What is a reverse mortgage and how does a reverse mortgage work?

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Designed for seniors, a reverse mortgage is a loan that allows the homeowner to convert some of the equity in their home into cash or monthly income, while retaining home ownership. A reverse mortgage, also known as a Home Equity Conversion Mortgage (HECM) is a relatively new product. A reverse mortgage provides unique benefits for its target market eg: someone over 62 who lives in his/her primary residence, who has substantial equity in his/her home, and who has little or no income. A reverse mortgage is a loan against the equity in your home that you don't need to pay back for as long as you live in the home. Eligibility for a reverse mortgage is set by the Federal Government; The Federal Housing Authority FHA tells HECM lenders how much they can lend you, based on your age and your home's value.

The mortgagor is not required to make any payments, the home is owned by the bank upon the death of the mortgagor and the transaction is structured so that the loan amount will not exceed the value of the home at that time. That feature should raise a red flag. That means the homeowner isn't given the fair market value of the property initially because the bank must figure in the interest over the possible life of the loan.

Good credit is not relevant because the home provides the security for the loan. In some cases the heirs have the option to pay off the mortgage when the owner dies but the cost can be extremely high. This type of mortgage has higher up front fees than conventional mortgages and those costs become part of the original mortgage which accrues interest at a rapid rate. This is an important factor to consider because the mortgage must be paid in full if the owner decides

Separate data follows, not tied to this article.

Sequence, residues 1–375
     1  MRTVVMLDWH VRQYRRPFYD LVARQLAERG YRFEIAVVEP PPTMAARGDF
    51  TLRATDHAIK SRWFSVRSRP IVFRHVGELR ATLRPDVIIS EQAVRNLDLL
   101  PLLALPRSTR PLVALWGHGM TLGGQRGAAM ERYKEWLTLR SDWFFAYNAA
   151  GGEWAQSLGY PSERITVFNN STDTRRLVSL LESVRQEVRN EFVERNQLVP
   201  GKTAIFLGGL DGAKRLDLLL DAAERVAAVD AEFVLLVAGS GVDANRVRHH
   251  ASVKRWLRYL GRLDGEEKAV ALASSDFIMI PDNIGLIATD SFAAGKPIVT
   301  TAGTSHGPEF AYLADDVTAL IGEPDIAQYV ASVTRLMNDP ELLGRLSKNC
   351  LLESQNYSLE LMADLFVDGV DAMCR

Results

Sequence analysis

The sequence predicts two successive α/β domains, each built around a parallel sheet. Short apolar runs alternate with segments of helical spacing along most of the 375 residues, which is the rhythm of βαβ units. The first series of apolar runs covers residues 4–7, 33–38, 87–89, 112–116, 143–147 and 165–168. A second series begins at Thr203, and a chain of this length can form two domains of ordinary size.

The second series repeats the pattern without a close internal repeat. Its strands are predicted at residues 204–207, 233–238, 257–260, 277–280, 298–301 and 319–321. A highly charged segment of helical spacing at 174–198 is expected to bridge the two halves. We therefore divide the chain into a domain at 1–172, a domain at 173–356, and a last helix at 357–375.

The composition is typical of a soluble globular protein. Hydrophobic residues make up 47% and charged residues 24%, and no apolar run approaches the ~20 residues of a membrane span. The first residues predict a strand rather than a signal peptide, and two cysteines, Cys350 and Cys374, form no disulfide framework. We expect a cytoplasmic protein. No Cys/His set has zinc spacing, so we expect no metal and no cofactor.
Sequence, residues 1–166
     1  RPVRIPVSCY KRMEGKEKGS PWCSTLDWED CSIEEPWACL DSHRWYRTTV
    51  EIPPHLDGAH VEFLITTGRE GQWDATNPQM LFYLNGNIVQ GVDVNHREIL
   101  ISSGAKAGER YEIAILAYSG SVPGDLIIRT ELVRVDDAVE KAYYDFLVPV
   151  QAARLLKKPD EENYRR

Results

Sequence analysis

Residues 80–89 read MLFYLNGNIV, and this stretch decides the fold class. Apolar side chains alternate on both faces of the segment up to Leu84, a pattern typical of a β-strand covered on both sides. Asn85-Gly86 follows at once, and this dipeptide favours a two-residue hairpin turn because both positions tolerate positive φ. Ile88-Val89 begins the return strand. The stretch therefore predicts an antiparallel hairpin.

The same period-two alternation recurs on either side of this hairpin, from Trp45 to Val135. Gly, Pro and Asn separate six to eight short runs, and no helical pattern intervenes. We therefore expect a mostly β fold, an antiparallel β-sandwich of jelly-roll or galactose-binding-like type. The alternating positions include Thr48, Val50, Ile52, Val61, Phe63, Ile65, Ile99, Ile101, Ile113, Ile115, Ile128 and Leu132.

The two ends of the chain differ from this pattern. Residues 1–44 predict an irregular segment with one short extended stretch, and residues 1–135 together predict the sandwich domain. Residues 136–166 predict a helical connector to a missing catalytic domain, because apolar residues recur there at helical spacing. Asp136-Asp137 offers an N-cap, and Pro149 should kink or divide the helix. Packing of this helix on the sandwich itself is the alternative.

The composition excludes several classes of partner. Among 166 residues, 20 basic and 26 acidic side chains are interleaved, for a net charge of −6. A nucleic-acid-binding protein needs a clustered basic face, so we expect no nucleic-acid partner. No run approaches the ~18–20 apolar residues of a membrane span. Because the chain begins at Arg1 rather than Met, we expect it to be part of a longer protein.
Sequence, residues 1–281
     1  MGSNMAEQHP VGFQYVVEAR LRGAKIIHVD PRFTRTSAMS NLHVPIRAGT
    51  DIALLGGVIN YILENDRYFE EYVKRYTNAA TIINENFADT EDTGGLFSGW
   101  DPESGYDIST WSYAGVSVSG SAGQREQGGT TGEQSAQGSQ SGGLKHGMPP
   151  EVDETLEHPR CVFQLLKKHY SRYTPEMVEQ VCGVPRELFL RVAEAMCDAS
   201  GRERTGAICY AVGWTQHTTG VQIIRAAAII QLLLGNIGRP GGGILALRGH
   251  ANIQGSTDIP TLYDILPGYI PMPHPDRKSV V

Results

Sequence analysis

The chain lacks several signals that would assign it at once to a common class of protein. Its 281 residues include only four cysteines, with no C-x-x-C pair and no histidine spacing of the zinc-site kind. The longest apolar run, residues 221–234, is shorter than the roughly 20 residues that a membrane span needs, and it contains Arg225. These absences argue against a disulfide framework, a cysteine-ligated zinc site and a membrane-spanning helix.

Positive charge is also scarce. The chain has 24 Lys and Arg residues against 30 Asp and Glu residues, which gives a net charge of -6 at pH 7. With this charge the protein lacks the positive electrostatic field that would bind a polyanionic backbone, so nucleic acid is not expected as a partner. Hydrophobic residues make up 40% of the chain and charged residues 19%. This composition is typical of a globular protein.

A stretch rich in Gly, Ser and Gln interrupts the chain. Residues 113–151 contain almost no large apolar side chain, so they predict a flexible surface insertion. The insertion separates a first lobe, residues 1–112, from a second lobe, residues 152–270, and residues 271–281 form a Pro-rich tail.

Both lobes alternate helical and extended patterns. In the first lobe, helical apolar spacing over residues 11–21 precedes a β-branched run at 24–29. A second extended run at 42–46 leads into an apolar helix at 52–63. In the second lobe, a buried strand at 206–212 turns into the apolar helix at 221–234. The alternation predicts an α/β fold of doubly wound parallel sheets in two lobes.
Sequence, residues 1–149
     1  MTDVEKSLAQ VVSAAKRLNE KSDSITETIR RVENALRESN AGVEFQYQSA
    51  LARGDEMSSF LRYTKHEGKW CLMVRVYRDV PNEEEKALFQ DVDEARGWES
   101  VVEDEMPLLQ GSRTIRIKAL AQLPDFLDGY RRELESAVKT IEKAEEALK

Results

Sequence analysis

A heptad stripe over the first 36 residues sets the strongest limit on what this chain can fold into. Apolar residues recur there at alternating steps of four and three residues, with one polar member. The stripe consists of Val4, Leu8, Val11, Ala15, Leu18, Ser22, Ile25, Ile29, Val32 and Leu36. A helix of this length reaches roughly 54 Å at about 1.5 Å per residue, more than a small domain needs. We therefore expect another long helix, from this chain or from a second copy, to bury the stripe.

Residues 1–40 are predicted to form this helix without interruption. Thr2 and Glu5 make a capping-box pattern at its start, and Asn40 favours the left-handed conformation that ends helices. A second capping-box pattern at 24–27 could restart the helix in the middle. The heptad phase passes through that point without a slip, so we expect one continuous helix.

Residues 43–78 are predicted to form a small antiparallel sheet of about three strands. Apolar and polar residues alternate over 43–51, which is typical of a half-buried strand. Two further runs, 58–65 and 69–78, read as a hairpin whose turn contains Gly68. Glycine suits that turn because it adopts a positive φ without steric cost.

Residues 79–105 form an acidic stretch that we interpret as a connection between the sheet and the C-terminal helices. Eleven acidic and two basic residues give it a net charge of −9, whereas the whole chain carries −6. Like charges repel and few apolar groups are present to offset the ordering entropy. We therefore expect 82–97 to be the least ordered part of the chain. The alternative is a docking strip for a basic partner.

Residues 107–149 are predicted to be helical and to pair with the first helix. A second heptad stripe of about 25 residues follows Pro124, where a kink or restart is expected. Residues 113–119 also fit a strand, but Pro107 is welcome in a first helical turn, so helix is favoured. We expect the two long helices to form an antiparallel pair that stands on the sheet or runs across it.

to sell the property or if their heirs desire to keep it after their death. Especially troublesome is the fact that many reverse mortgage lenders will send a loan officer to the senior's home to sign the loan documents and the senior has no benefit of having another pair of eyes and ears present at the transaction.

To be eligible for a reverse mortgage, you need to be at least 62 years old, occupy the home as a primary residence, and either own your own home outright or only owe a small amount on your existing mortgage loan that can be paid off at closing with the proceeds from the reverse mortgage.

In general, a reverse mortgage is tax free and has no income restrictions. Additionally, most payments from a reverse mortgage won't affect Social Security or Medicare benefits. In fact, many seniors use a reverse mortgage to supplement their Social Security and Medicare, allowing for more financial security.

Reverse mortgages also work in a purchase transaction. You can purchase a home without making a single monthly mortgage payment. This option allows seniors to move close to family when the need arises. There are various ways seniors can benefit with a reverse mortgage including receiving additional tax-free monthly income or a lump sum payment, cancelling a current mortgage payment, funding long term care insurance and in-home care, renovations and repair work to their homes.

In many states, the Reverse Mortgage, or Senior Reverse Mortgage, allows for a new home purchase with the use of reverse mortgage funds, this rule does not apply nationwide. Although HUD and the FHA recently passed the HECM Reverse Mortgage home purchase program, allowing you to purchase a new home with reverse mortgage proceeds, borrowers in Texas are not yet eligible. Rules in individual states may vary. Please see a specialist in your own state for more details.

Source: www.answers.com

Category: Credit

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